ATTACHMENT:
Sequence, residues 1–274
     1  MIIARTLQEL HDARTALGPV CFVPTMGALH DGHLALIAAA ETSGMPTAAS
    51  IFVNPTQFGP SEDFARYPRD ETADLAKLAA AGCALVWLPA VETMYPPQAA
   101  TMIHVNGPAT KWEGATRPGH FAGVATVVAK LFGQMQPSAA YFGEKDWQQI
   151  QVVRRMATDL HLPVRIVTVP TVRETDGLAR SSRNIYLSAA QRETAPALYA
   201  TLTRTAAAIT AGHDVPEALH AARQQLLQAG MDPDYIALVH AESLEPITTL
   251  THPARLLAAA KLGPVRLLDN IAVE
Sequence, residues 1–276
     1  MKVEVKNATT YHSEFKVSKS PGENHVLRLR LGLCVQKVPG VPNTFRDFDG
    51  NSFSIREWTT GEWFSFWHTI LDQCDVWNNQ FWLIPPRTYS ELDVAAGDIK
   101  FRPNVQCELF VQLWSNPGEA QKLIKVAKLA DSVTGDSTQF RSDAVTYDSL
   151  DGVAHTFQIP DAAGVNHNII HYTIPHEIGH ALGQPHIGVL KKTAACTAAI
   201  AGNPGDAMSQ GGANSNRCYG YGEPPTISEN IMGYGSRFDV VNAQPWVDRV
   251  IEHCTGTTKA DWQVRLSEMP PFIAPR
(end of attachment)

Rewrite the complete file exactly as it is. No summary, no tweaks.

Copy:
Sequence, residues 1–274
     1  MIIARTLQEL HDARTALGPV CFVPTMGALH DGHLALIAAA ETSGMPTAAS
    51  IFVNPTQFGP SEDFARYPRD ETADLAKLAA AGCALVWLPA VETMYPPQAA
   101  TMIHVNGPAT KWEGATRPGH FAGVATVVAK LFGQMQPSAA YFGEKDWQQI
   151  QVVRRMATDL HLPVRIVTVP TVRETDGLAR SSRNIYLSAA QRETAPALYA
   201  TLTRTAAAIT AGHDVPEALH AARQQLLQAG MDPDYIALVH AESLEPITTL
   251  THPARLLAAA KLGPVRLLDN IAVE
Sequence, residues 1–276
     1  MKVEVKNATT YHSEFKVSKS PGENHVLRLR LGLCVQKVPG VPNTFRDFDG
    51  NSFSIREWTT GEWFSFWHTI LDQCDVWNNQ FWLIPPRTYS ELDVAAGDIK
   101  FRPNVQCELF VQLWSNPGEA QKLIKVAKLA DSVTGDSTQF RSDAVTYDSL
   151  DGVAHTFQIP DAAGVNHNII HYTIPHEIGH ALGQPHIGVL KKTAACTAAI
   201  AGNPGDAMSQ GGANSNRCYG YGEPPTISEN IMGYGSRFDV VNAQPWVDRV
   251  IEHCTGTTKA DWQVRLSEMP PFIAPR